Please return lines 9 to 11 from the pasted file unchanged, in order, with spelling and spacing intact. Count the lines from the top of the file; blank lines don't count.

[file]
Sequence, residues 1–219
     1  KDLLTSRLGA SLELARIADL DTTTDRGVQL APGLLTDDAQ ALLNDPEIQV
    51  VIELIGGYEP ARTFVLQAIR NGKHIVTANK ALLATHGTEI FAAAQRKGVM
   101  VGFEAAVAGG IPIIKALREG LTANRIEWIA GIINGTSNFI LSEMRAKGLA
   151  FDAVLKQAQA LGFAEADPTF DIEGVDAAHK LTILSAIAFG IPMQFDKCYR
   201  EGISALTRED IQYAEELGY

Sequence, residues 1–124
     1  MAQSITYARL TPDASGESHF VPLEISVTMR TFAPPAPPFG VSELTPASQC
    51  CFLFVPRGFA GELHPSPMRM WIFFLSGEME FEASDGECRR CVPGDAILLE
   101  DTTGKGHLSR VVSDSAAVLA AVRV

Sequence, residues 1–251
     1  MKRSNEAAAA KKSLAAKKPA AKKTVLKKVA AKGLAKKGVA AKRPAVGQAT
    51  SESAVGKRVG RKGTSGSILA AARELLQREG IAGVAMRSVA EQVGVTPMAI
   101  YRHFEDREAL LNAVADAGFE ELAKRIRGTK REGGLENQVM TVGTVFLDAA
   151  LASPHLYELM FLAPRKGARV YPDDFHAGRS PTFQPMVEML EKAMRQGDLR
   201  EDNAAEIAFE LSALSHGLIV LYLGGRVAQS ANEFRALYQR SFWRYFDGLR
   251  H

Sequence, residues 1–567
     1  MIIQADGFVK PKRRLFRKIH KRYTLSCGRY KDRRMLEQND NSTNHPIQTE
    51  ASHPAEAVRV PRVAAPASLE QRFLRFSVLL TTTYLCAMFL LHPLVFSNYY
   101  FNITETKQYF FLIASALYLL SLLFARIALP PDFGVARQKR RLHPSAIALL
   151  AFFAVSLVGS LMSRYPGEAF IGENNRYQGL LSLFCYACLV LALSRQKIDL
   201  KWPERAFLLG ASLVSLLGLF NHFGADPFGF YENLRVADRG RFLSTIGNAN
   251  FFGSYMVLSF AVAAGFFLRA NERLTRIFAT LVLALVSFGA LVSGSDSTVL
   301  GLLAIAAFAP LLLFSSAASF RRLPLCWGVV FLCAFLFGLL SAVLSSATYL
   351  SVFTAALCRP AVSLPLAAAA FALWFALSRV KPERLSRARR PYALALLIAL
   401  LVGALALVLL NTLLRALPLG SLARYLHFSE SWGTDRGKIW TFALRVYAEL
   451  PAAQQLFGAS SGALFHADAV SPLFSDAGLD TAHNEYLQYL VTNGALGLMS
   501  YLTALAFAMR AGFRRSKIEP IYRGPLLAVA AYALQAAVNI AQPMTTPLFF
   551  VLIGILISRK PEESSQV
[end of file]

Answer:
    51  CFLFVPRGFA GELHPSPMRM WIFFLSGEME FEASDGECRR CVPGDAILLE
   101  DTTGKGHLSR VVSDSAAVLA AVRV

Sequence, residues 1–251